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Amber Paulen

Doris Lessing

On Cats

17 February 2008


When I was a kid, one of my favorite stories was Millions of Cats. In my mind’s eye that saffron yellow cover will always be, as will the tale of the poor farmer walking through the countryside with all those cats: Hundreds of cats, thousands of cats, millions and billions and trillions of cats. Because that is what I wanted, what I would have had if it were allowed or at all possible. The book satisfied my craving for abundant progeny, proved such far-flung fantasies could never work, and anyway, out in the Cat Barn there were at least twenty at a single time. I sat with them and pet them and named each; they were my cats. . . except the wild ones that weren’t.

On a farm there will always be cats and there will always be death. When, in the summer, the well-rested combine would come rotating those sharp canines through the fields, chopping down what it should and inevitably an animal it should not. Luckily, one quickly learns where there are cats there will always be more. So similarly, Doris Lessing’s graceful little book starts out: on her parents’ farm in Southern Rhodesia, where the dangers upon a feline’s life are increased ten-fold. Snakes and Owls and Hawks, Oh my! But the kicker was the startling image of her father gunning down a room full of innocent cats, cats whose numbers were way out of proportion. . . he didn’t want to do it; imagine if he did not: Hundreds of cats, thousands of cats, millions and billions a trillions of cats!

Wisely Doris Lessing did not acquire a cat until she was settled, years later, in London. The cats who paw through the landscape of this book are of concise portraits only Lessing’s keen observations, combined with meticulous methods, can create. There is a genuine starkness, usually over doused with sentimentality, that makes this cat book not so saturated and cat-ty. You know the types: cute is their optimal metaphor. But this is Doris; who would I be kidding to think otherwise? Her sang-froid as a writer carries to cat ownership albeit cat subject-ship.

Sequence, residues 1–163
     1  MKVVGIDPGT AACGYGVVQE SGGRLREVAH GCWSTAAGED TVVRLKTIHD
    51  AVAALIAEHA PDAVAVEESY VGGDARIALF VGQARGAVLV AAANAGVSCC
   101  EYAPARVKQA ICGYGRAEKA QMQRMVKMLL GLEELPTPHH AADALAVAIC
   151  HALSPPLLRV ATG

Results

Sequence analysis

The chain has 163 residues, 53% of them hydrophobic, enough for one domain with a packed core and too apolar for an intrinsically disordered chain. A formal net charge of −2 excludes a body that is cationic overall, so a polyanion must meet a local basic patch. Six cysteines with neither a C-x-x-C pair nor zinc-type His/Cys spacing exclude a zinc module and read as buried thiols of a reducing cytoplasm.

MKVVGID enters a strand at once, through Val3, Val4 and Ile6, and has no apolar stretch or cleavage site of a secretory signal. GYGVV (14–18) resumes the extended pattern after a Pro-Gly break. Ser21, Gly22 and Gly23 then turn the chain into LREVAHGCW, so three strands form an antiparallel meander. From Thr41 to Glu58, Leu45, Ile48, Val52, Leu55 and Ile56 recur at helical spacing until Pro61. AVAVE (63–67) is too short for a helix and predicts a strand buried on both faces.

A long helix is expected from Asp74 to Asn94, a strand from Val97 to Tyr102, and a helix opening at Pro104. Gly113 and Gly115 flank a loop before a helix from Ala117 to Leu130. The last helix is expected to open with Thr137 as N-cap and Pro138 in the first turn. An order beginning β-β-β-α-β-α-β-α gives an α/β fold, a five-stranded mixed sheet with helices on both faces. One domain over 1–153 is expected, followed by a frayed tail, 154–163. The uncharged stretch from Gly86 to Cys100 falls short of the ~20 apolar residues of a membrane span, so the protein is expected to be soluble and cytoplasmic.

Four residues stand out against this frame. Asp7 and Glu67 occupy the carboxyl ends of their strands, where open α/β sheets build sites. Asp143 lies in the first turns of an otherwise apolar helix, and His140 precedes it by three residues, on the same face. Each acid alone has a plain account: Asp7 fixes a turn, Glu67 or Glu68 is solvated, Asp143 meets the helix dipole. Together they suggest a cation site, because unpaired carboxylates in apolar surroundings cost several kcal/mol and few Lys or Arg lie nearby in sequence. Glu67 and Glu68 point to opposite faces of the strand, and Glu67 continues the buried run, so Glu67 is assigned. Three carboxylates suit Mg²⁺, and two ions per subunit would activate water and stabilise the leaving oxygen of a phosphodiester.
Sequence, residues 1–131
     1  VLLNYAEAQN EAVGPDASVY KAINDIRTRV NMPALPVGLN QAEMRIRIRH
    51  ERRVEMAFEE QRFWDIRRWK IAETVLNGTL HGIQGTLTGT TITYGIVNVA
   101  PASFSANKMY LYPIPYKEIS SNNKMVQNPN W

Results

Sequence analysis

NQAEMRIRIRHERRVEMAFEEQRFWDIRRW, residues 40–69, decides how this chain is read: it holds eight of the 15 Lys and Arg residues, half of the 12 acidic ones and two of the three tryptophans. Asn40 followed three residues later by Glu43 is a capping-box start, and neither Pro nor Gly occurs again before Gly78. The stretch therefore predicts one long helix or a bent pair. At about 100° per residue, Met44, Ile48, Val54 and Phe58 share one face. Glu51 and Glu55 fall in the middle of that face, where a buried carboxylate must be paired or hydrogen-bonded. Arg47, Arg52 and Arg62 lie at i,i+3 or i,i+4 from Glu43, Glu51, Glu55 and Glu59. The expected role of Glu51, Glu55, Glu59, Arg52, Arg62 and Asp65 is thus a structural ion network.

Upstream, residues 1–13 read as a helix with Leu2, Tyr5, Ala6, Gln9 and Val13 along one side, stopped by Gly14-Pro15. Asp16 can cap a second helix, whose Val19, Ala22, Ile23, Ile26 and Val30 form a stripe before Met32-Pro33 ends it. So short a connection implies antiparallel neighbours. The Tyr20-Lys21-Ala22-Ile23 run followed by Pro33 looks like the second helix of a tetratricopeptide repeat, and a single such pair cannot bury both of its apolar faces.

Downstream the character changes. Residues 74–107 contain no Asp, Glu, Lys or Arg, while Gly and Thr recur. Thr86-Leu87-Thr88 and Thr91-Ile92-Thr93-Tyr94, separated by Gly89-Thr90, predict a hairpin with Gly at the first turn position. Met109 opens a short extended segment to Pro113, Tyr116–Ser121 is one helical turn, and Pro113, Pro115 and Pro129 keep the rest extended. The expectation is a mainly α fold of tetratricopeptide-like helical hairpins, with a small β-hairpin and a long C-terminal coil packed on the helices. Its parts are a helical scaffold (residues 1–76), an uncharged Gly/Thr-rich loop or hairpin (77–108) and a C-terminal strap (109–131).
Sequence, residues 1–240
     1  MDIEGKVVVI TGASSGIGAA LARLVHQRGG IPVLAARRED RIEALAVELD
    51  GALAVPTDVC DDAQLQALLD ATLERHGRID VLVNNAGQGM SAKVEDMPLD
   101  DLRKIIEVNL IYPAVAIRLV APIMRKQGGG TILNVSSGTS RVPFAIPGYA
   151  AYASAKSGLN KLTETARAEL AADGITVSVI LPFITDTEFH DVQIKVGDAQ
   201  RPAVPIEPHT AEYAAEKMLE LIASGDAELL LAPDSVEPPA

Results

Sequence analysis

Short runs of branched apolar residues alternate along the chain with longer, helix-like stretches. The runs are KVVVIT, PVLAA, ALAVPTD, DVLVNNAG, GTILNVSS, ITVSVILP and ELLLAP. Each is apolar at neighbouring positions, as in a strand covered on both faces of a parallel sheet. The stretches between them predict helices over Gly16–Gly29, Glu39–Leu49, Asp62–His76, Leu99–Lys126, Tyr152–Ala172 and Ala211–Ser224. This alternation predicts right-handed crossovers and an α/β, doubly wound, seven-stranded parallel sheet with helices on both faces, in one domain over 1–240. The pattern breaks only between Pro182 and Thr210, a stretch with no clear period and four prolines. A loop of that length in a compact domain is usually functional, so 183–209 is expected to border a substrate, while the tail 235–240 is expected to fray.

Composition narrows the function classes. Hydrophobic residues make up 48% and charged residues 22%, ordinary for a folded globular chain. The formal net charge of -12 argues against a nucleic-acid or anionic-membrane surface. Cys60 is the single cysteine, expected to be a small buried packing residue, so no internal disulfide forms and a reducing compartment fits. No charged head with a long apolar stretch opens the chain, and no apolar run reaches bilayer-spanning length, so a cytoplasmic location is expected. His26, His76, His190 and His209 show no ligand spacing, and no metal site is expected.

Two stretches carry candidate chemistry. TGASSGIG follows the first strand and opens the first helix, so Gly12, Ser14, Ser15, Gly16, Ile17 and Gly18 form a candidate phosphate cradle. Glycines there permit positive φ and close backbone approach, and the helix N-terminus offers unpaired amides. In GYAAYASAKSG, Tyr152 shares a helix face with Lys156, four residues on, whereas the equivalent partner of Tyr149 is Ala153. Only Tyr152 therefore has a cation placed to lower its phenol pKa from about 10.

On Cats has dispersed within, gems for those who dote on small domestic fuzzy animals. Moments of insight where universal catness is aptly described through singular sketches. An odd thing happens; cat world and human world join. The intelligence of these beasts, masters in the art of observation, is given freely if we too can learn to sit quietly and watch. Subtle movements, twitches of the tail, meows and mirrts, blinks of the eyes—abbreviated or drawn, in succession or singular—that mean one thought, emotion, desire, expression or some other. It is as if we trade places: we are the cats and they, the quicker being.

This is my excuse; cats are a weakness. Like a man with too much sperm, implanting eggs wherever he shall go, I have left cats. Cats will be my legacy if my writing life fails me. Reading this slight sized book of Lessing’s intricate descriptions of the cats steady in her life, as well as street-cats who were not, I slip into the wordy images of those I’ve known. I flit around cat circumstances and my life of a ‘stone doomed to rolling.’ They do not mix. But yet I have persisted: I have collected fragments of cats, and sometimes regrettably, no whole.

Cat, the full being of cat, what I have come to understand cat as, is of such a great mystery and link to the animal that I can not condemn myself completely. Cats, cats, cats! What beautiful yellow eyes and slit pupils, what a regal and proud pose of front legs upright, the tail curled around feet like slippers, the grunting-twitter of a landing, the puzzled cock of the head, the intense attention where all is given over to leap and object of leap. Cats! Delicious cats! Beautiful divine cats! Clear-sighted and visionary, so selflessly they continue to share with me.

A recent decade of Meows (click photos for a closer look):

Big Meow and Olive. Big Meow: R.I.P. What a cat! A cat of a cat! So calm, so chill except for that strange cupboard pounding he did with his paws, as if he were trying to frantically dash up them. Death by automobile. . .and Olive who I was with so shortly. I hear she is living on a Michigan farm.

Lola. Lola: R.I.P. A little-lady. Beautiful and delicate. An unfortunate victim of kick or fall.

Leo. Leo has not gone far from the piazza of his birth but had unwillingly traveled too much before then. His lion invocation suiting him more as age wears on.

Micha. Micha was rescued from one of those ‘humane’ cages. She is still happily using The Playground as a litter box.

Sofonisba. Sofá Sofonisba: Meowser!!! Meow! Miaow!


Bracciano, Italy
Febuary 2008



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